Academic journal article Theological Studies

Religious Experience, the Hermeneutics of Desire, and Interreligious Dialogue

Academic journal article Theological Studies

Religious Experience, the Hermeneutics of Desire, and Interreligious Dialogue

Article excerpt

IN THE RECENT HISTORY Of theological discourse the notion of religious experience has proven to be attractive, complex, polemical, and, perhaps most curiously, persistent. As I point out below, the "culprits" responsible for this state of affairs are many and represent a diversity of confessional backgrounds. One consequence of such diversity is that the range of viewpoints concerning the meaning of this notion as well as its use as a theological category is vast and multivalent. To avoid getting lost in a maze of ambiguity when dealing with the notion of religious experience, it is helpful to (1) mark out clear parameters for how it is going to be used and (2) consider it in light of a specific situation or question. Following these directives, I propose to reflect on religious experience in relation to the notion of desire and in the larger context of the problematic of religious diversity and the challenges posed by interreligious dialogue. More specifically, I will concern myself with two basic questions: (1) how might we conceive of the relationship between religious experience and desire, and (2) to what extent can reflection on these two themes be used to facilitate and perhaps even promote dialogue among persons committed to different religious traditions?

In proposing some answers to these questions I proceed as follows. First, I begin with a sketch of how the notion of religious experience emerged onto the theological landscape with Friedrich Schleiermacher (1768-1834) and the rise of theological liberalism. I then focus on how religious experience has been understood and critiqued (especially in regard to its possibility as a category for interreligious dialogue) by several theologians who have worked in the postliberal or postmodern era. I then highlight some recent reflections on the notion of desire that draw out two of its distinct, though intimately, related dimensions, namely, the spiritual and the sensitive/psychic dimensions. I then take up the question of the relationship between grace and desire, with special reference to the Roman Catholic tradition and its sacramental system. Finally, I conclude with some questions intended to encourage further reflection on these themes from a comparative perspective.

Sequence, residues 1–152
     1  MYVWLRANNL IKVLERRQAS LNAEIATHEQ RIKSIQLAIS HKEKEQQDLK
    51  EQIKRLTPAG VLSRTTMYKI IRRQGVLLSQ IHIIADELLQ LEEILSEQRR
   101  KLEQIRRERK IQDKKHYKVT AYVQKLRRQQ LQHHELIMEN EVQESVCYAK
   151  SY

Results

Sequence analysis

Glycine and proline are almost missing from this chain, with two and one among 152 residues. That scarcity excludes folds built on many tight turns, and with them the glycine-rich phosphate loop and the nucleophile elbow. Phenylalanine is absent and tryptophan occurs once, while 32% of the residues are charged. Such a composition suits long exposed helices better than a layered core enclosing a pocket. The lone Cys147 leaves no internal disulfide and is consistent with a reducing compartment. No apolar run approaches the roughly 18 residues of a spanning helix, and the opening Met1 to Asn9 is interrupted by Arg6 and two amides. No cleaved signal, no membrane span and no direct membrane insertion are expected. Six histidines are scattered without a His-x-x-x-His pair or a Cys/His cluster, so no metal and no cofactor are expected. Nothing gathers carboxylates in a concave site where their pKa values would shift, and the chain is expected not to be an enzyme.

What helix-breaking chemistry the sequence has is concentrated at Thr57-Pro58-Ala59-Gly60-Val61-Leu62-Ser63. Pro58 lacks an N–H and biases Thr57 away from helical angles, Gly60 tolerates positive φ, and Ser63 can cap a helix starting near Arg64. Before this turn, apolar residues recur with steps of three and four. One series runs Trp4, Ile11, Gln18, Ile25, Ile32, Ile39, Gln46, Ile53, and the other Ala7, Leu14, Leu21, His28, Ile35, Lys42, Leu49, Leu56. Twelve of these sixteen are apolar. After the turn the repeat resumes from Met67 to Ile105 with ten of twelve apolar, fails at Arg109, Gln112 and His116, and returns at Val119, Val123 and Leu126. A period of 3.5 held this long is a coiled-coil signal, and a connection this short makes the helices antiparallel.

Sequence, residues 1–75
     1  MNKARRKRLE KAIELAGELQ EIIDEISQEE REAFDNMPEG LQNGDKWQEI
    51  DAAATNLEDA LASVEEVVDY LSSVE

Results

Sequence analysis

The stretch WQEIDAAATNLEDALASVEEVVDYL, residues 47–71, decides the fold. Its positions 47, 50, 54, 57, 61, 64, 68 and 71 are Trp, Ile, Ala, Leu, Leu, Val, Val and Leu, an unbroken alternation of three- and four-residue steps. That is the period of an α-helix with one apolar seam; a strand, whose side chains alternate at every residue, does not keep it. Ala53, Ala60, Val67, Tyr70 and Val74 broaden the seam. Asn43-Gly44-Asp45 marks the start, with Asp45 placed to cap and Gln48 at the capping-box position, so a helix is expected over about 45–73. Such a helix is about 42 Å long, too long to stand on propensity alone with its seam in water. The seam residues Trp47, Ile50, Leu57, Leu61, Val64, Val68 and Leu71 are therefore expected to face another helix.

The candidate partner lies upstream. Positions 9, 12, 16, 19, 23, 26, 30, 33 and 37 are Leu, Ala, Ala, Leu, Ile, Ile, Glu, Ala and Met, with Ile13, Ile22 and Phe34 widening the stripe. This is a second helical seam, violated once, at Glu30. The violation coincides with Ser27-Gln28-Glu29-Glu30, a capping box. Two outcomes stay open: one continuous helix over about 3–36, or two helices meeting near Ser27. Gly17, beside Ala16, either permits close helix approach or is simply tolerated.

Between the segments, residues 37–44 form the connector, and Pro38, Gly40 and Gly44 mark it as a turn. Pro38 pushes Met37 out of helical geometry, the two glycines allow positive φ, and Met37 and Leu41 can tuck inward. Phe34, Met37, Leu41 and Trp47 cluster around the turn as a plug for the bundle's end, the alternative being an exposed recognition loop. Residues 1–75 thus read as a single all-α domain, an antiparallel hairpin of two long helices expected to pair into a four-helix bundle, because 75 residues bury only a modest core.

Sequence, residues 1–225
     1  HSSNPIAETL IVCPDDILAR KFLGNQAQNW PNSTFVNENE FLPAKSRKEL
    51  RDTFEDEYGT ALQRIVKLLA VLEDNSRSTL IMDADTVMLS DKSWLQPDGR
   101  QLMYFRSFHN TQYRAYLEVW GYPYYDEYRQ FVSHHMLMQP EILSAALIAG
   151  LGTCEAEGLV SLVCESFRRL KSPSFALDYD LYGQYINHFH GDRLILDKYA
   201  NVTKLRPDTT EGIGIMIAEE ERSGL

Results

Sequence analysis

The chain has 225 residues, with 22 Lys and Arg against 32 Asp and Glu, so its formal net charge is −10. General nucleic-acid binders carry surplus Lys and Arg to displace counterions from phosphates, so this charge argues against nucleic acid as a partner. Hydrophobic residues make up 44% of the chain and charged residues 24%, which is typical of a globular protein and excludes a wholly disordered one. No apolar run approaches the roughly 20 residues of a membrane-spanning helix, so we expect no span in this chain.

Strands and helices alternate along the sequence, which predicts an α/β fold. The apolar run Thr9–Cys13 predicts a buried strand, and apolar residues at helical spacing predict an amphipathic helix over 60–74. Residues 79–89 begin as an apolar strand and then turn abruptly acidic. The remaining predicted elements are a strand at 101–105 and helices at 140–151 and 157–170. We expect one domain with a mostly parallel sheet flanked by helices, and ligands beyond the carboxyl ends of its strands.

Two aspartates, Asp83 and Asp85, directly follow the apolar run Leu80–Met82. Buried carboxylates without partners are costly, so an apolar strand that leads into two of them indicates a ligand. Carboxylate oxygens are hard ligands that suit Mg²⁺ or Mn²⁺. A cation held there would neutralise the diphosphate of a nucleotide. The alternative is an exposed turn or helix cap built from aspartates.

Historically speaking, the notions of experience in general and of religious experience in particular are relative newcomers on the theological scene. It is widely acknowledged that Friedrich Schleiermacher, commonly referred to as "the father of modern theology," inaugurated the "turn to experience," which was itself responsible for the corollary "turn to the subject." (1) Thomas Kelly observes that in promoting these "turns" to "a subjective, relational faith emerging from human experience," Schleiermacher challenged Enlightenment skepticism and rationalism. (2) James Fredericks summarizes Schleiermacher's initial concern with religious experience:

Schleiermacher set for himself the task of rendering religion credible once again by freeing Christian piety from its eroded foundations in metaphysics and historical claims to authority. Religion, he claimed, is a matter of intuition, sense, or feeling and should be considered a matter of doctrine only secondarily.... Even before it is doctrine, religion is an experience, what Schleiermacher in the Speeches [1799] called the "sense of the Infinite." (3)

Fredericks helpfully draws attention to Schleiermacher's claim that the "sense of the Infinite" is ineffable, and summarizes the significance of this claim:

Epistemologically, the Infinite is experienced prior to Kant's categories. This claim allows Schleiermacher to arrive at two conclusions: (1) this experience is one of sheer immediacy which is only later sundered by thought, and (2) this experience ultimately defies final description and definition and is thus knowable only by direct personal acquaintance. …

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